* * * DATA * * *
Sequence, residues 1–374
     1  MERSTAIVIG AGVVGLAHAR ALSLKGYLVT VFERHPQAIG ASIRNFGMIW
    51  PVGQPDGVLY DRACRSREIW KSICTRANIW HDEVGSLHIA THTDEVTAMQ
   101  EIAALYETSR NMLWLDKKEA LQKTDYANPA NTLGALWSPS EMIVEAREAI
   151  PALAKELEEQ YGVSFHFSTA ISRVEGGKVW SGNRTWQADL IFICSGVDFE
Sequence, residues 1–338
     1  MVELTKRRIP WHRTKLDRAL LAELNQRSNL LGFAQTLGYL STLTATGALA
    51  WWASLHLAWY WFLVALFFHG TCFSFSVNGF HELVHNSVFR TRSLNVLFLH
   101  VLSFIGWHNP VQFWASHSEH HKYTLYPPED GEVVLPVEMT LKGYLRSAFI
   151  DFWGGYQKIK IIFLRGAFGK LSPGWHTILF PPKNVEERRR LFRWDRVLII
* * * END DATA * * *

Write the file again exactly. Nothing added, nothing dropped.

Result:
Sequence, residues 1–374
     1  MERSTAIVIG AGVVGLAHAR ALSLKGYLVT VFERHPQAIG ASIRNFGMIW
    51  PVGQPDGVLY DRACRSREIW KSICTRANIW HDEVGSLHIA THTDEVTAMQ
   101  EIAALYETSR NMLWLDKKEA LQKTDYANPA NTLGALWSPS EMIVEAREAI
   151  PALAKELEEQ YGVSFHFSTA ISRVEGGKVW SGNRTWQADL IFICSGVDFE
Sequence, residues 1–338
     1  MVELTKRRIP WHRTKLDRAL LAELNQRSNL LGFAQTLGYL STLTATGALA
    51  WWASLHLAWY WFLVALFFHG TCFSFSVNGF HELVHNSVFR TRSLNVLFLH
   101  VLSFIGWHNP VQFWASHSEH HKYTLYPPED GEVVLPVEMT LKGYLRSAFI
   151  DFWGGYQKIK IIFLRGAFGK LSPGWHTILF PPKNVEERRR LFRWDRVLII